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Ph.D. Projects

Current Ph.D Projects

Recently Completed Ph.D Projects

Scolt Head Island, Norfolk

Scolt Head Island, Norfolk

Cuba (NASA STS067-711A-70)

Cuba (NASA STS067-711A-70)

Happisburgh, Norfolk

Happisburgh, Norfolk

Hydrodynamic Model

Hydrodynamic Model

Recent Flooding in the British Midlands

Recent Flooding in the British Midlands

Coral Bleached during the 1997-1998 El Nino Bleaching Event

Coral Bleached during the 1997-1998 El Nino Bleaching Event

Suspended Sediment Patterns Near High Tide

Suspended Sediment Patterns Near High Tide

Wave Attenuation Monitoring, Stiffkey, Norfolk

Wave Attenuation Monitoring, Stiffkey, Norfolk

Saltmarsh Formation

Gerardo Fragoso (gf200@cam.ac.uk) is currently working on factors controlling the growth and distribution of pioneering vascular plants in saltmarshes. He has been conducting experimental work, both at the coast of North Norfolk, UK; and in a flooding system built in the University's Botanic Gardens. His work aims to further our understanding of the processes involved in the formation of saltmarshes, and to inform the design of guidelines for the conservation, restoration and management of these environments.

Dynamics of Cuban Coral Reefs

Kristian Teleki is currently completing the examination of regional and community ecosystem dynamics in the coral reefs of the Caribbean and in the Archipelago de Los Canarreos, Cuba. His thesis examines the change in these systems through time and what influence anthropogenic and natural disturbances have had on the biodiversity and architecture of coral reefs in the area. This is with a view to understand the dynamics of response and stability in these spatially and temporally variable ecosystems, as well as to enhance current management strategies of this environment.

Large Scale Changes in the Morphology of the East Anglian Coastline

Hennie Schans started her Ph.D. in October 1998. She investigates the spatial variability of beach morphology and processes along the coast of East Anglia on large spatial scales (kilometres) on annual to bi-annual time scales. In particular, this study will emphasise pattern recognition, trend detection and parameterisation of forcing conditions. Possible links between the short-term (annual) and the long-term (decadal) changes in coastline morphology will also be identified. The findings of her thesis will improve the scientific basis of shoreline management plans, and will contribute to the understanding of the shoreline dynamics that characterise East Anglia and perhaps the wider southern North Sea basin.

Dynamics of East Coast Flooding

James Brown (jdb33@cam.ac.uk) started his Ph.D. in October 1999. His research focuses on the risk to the English East Coast to flooding. The combined effect of storm surge and high tide is one of the largest risks to which human settlements on the East Coast are exposed. Previous attempts to model coastal flooding have either employed a complex (dynamical) representation of the storm surge with no explicit representation of flooding (operational storm surge models) or a dynamical representation of flooding with a simple (statistical) representation of the storm surge (e.g. insurance industry models). Neither of these approaches are able to predict accurately the time- and space-evolving characteristics of a storm surge flood, and the need for a more integrated model with dynamical inundation capabilities is advocated.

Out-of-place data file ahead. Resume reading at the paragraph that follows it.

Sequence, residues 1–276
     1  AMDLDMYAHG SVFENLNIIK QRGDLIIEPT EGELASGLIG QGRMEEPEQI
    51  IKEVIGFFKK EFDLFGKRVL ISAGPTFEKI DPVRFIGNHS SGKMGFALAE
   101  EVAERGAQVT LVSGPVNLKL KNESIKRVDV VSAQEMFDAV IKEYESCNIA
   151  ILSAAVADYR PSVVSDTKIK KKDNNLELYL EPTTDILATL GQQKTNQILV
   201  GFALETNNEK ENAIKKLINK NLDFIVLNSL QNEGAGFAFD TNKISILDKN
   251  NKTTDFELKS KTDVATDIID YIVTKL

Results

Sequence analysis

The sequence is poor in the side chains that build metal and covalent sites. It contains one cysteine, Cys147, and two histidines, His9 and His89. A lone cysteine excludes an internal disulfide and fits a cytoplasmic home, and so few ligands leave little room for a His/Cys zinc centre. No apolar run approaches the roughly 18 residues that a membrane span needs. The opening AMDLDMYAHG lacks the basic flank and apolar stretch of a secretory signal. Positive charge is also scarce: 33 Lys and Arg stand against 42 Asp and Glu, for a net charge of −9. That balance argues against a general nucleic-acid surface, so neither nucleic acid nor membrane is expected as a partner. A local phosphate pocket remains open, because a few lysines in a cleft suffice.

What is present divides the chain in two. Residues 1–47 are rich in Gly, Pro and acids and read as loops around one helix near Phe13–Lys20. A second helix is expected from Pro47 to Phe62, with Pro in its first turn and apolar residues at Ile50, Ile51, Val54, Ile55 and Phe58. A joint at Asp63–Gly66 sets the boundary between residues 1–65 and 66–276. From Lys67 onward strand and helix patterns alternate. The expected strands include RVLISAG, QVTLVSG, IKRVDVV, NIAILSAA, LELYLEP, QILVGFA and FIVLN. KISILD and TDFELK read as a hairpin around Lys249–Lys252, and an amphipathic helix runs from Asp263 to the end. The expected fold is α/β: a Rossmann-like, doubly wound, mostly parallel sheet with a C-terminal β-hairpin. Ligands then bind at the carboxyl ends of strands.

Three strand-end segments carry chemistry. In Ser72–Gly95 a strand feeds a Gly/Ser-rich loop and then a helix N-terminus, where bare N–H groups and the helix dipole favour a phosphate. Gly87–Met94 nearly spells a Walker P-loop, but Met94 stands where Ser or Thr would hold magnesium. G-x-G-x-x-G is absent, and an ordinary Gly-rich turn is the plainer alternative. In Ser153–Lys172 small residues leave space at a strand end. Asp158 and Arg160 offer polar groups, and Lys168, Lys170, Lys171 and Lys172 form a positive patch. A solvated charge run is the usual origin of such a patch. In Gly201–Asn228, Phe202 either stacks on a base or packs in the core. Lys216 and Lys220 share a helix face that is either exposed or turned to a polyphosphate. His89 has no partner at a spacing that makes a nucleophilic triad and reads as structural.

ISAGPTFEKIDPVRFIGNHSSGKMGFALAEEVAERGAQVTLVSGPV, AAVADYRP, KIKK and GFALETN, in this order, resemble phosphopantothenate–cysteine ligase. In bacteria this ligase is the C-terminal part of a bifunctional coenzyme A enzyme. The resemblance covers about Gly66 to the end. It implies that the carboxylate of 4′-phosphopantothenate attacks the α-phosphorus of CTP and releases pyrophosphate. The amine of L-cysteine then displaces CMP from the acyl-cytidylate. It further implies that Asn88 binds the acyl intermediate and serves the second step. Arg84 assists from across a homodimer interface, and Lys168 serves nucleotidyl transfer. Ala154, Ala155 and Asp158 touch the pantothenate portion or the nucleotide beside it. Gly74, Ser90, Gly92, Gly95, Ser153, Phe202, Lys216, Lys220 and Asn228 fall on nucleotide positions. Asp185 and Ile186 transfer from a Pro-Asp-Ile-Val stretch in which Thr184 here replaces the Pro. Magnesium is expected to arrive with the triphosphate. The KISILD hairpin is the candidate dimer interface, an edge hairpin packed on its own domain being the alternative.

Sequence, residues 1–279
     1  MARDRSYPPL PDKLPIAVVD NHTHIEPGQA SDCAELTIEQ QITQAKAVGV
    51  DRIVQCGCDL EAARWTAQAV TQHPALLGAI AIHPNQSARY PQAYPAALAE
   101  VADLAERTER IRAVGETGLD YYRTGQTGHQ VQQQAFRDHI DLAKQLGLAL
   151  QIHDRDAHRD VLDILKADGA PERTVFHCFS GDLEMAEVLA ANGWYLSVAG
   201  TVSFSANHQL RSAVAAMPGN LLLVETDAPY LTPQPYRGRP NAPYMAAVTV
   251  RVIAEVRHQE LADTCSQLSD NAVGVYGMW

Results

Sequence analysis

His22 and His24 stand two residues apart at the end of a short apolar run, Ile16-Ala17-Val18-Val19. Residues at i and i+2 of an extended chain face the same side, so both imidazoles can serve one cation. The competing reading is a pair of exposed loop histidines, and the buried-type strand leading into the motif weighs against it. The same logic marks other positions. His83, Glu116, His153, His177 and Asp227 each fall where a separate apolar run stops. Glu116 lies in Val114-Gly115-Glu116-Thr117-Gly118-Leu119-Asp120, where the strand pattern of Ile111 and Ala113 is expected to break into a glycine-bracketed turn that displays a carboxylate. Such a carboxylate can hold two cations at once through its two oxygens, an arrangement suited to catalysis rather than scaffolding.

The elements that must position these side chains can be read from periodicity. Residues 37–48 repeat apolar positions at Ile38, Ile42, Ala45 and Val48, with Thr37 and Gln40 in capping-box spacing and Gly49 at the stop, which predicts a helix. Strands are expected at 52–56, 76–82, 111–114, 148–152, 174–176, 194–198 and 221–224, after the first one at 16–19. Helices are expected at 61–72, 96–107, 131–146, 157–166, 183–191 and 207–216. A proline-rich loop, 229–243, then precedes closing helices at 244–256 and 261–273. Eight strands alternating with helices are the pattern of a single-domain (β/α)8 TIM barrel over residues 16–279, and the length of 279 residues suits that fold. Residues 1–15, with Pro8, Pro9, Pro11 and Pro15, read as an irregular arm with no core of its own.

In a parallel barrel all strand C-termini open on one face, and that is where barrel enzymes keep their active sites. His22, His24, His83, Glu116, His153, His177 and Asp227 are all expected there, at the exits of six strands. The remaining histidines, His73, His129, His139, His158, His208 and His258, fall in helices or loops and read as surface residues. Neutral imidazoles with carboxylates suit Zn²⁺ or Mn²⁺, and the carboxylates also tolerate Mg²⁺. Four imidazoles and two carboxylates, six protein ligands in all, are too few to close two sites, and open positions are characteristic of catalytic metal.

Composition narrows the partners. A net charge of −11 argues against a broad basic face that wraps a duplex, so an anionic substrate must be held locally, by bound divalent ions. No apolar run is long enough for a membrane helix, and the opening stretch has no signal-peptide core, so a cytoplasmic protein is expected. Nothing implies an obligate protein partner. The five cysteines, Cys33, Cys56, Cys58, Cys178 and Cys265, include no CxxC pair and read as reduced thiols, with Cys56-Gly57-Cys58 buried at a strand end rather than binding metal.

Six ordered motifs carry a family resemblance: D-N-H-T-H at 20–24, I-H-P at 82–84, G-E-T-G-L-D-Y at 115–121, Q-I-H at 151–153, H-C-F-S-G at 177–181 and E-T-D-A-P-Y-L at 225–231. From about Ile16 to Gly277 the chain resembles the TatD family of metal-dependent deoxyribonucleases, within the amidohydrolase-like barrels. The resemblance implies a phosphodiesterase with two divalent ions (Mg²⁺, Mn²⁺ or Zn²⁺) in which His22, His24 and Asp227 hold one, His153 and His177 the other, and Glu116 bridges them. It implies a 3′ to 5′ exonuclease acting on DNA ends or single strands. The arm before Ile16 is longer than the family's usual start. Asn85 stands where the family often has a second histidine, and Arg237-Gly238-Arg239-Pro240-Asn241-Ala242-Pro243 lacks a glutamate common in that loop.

James is using a robust storm surge and inundation model to provide detailed information about the flood depths and velocities experienced at three case study sites on the East Coast of England, namely Canvey Island, Great Yarmouth and Kingston-upon-Hull, for different storm forcing conditions and defence failure scenarios. His research will be of particular interest to the insurance industry, although many other potential applications exist, including disaster planning and management, coastal vulnerability assessment and decision support for integrated coastal zone management.

James' work is part of a wider research project entitled Coastal Settlements at Risk.

Regeneration of Western Indian Ocean Coral Reefs

Annelise Hagan started her Ph.D. in October 2000. Following the ocean warming event of 1997-1998, mass coral bleaching and mortality occurred world-wide. Reefs of the western Indian Ocean were some of the worst affected, with live coral cover on the Seychelles Bank being reduced to <10%. The concept that frequency and intensity of El Niño events may be increasing due to 'Global Warming' exacerbates the need for further research. The two aims of this Ph.D. project are to assess time-scales involved in reef recovery and suggest possible origins of the re-colonising larvae. Permanent transects will be set up in the granitic Seychelles and the Line Intercept Transect method and quadrats will be used to quantify the substratum and benthos; live coral species, dead coral, algal species and rubble. Repeat surveys will be conducted to quantify coral recovery over time and underwater photography will be used for permanent visual records. Large-scale datasets of water circulation in the area will be analysed to suggest the origins of new recruits. If the knowledge of reef ecosystems can be expanded, specifically addressing recovery rates after bleaching, management strategies incorporating such data can be used to conserve this delicate ecosystem. This study will incorporate data from initial surveys made by the staff of the Shoals of Capricorn research programme.